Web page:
Actually, I could have told him that. When I’m in the company of others, I can readily see the flaws, clay feet, and areas needing attention in all their lives. And my lunch date today told me that she has that same acuity. It’s so much easier to see perceived weaknesses in others than to identify them in our own lives. I recently read that the world around us is a mirror in which we see ourselves—and that’s why we sometimes don’t like what we see.

How often does someone who genuinely loves us have the boldness to point out the blind spots in our lives? Attitudes or behaviors that wound or that detract from those precious love fruits we so want to share? Jesus wouldn’t have mentioned “blind spots” if they didn’t exist in the lives of his children. And he wants us to be healed—through surgery of the Spirit or through personal discipline (with the help of the Spirit).

So I’m actually thankful that someone who loved me remarked on a trait of which I was totally oblivious. Moi? I admit that I was completely ignorant before that loving revelation, but ever since, I have practiced and prayed to eliminate it. I want my spiritual vision to be just as keen as my physical.

What about you?

Father, we don’t always know ourselves. Sometimes we project images that don’t represent our hearts. Open our eyes; help us to be rid of the “blind spots” and forget about the specks in those other eyes. In Jesus’ name. AMEN.


For sin shall no longer be your master, because you are not under the law, but under grace. Romans 6:14 NIV


I just this week learned about a new addiction that took an acquaintance’s life. I won’t even describe it to you; it’s bizarre and doesn’t need publicity. And lest you proudly thank God (as did the Pharisee in the temple) that you are not like other weaker people, take a few moments to reflect on those things that do keep us in bondage.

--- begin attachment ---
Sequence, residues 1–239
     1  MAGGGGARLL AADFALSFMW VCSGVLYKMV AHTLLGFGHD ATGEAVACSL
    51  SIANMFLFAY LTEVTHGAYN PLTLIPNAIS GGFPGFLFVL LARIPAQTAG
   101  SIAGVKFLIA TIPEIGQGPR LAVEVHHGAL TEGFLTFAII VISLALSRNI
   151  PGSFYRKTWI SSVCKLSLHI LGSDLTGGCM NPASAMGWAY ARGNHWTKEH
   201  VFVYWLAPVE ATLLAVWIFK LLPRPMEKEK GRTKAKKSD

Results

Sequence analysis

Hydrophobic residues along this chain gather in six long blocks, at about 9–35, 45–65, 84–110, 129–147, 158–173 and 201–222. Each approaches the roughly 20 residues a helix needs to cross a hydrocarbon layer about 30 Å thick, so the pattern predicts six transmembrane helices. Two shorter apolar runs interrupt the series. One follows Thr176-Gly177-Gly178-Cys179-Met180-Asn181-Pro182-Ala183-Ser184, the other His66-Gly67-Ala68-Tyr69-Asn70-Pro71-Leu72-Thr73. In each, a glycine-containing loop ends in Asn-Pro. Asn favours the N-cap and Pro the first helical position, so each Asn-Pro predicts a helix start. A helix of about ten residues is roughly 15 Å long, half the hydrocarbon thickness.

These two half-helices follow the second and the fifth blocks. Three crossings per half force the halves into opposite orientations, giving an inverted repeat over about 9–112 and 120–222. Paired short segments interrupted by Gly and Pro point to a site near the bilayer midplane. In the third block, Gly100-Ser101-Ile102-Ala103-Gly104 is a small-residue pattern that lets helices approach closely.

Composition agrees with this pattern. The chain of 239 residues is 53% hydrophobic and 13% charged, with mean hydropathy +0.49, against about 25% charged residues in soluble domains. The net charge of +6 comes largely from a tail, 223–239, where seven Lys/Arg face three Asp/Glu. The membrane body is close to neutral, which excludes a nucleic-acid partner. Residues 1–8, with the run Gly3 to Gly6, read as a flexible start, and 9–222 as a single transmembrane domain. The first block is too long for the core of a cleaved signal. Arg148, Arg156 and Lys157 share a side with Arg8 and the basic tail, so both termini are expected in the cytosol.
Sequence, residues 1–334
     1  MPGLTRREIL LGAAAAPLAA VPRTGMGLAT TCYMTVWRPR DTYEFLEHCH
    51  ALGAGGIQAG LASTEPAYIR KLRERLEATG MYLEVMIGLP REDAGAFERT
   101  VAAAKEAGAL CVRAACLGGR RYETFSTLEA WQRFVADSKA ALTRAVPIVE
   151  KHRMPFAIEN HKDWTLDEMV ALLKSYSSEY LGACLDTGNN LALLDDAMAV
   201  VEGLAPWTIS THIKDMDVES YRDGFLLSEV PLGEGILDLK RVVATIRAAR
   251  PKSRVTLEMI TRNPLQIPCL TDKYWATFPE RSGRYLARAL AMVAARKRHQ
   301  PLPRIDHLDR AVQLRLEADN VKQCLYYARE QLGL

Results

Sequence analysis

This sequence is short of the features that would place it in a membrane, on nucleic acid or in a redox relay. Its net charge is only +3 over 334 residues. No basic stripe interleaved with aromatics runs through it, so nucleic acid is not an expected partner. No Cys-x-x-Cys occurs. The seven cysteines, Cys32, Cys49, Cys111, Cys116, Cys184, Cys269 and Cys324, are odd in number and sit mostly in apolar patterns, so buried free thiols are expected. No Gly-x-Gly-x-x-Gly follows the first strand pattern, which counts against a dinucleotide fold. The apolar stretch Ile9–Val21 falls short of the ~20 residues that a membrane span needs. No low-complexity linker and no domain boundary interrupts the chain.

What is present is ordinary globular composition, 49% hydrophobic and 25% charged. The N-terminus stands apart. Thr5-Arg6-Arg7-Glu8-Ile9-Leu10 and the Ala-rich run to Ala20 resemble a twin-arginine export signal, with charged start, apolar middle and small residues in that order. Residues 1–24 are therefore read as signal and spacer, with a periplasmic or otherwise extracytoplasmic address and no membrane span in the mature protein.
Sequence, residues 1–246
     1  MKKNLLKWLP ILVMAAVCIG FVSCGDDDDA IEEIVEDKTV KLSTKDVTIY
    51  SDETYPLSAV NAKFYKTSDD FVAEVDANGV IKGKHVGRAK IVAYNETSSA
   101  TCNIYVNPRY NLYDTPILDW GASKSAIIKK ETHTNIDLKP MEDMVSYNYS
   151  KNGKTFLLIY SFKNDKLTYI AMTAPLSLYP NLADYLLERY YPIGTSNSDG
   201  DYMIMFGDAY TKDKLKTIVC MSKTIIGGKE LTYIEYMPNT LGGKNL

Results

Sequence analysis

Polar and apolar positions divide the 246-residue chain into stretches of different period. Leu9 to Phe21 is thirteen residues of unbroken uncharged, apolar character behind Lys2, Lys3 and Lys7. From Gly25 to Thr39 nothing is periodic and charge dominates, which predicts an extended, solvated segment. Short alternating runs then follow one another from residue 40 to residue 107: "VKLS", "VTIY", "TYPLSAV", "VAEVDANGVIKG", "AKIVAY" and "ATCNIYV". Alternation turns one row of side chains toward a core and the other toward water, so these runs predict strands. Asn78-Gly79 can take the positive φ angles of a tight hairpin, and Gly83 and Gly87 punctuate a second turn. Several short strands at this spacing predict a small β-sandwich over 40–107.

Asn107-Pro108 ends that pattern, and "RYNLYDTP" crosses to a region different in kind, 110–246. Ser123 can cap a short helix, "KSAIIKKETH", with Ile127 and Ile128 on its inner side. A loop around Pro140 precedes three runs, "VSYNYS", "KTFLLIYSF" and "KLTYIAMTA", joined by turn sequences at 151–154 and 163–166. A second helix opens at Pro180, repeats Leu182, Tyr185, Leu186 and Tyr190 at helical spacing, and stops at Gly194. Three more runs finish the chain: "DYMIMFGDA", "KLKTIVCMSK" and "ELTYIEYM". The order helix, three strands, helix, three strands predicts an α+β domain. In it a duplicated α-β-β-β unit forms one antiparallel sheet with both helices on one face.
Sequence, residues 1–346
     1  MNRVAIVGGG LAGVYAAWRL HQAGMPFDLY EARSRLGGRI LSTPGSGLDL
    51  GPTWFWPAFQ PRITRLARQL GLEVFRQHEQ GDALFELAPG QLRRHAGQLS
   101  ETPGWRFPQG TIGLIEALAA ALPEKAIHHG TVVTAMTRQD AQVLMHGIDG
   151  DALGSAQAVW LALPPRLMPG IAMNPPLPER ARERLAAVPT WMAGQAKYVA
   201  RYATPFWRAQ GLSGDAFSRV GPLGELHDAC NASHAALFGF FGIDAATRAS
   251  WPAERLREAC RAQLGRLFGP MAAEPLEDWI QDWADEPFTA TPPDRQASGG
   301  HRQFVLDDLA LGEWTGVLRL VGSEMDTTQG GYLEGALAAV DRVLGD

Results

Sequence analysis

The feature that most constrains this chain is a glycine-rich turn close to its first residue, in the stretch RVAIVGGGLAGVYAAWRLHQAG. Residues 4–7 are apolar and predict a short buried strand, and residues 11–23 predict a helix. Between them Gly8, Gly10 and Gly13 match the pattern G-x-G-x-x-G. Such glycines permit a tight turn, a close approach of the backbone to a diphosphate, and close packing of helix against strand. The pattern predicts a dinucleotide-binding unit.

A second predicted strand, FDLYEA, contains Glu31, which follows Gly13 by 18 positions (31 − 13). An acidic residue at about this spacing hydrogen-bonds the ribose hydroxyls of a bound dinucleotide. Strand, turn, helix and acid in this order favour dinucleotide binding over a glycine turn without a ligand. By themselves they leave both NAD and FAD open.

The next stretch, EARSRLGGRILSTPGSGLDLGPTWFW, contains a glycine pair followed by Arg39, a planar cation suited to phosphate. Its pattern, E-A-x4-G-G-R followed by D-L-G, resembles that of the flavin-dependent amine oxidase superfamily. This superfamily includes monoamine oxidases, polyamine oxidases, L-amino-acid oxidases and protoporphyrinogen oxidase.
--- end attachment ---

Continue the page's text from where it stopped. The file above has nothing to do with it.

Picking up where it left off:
I knew someone who never stopped making fun of people who were overweight and unable to control their eating while he would have been desperate if you’d emptied his candy jars. And then there’s the guy who won’t come close to an illegal substance, but he can’t seem to break away from work. And one of my friends was witness to a tragic accident when a man was trying to get home in time to watch his team’s kickoff. There are all sorts of activities that, were we wrenched from them, we would be either miserable or feel condemned.

Let’s look at this from another perspective. Do you ever allow yourself the freedom to take a day to rest or reflect, to do nothing productive but to refresh your soul? Would the sky fall if you missed church to help a friend? Could you make it through the week if circumstances kept you from your usual Quiet Time? I love Oswald Chambers’ insight that we are sometimes committed to our devotional habits more than to God. Yes, we all tend to have routines and lifestyles that may hold us in bondage. Jesus baffled everyone because of his total freedom in his Father.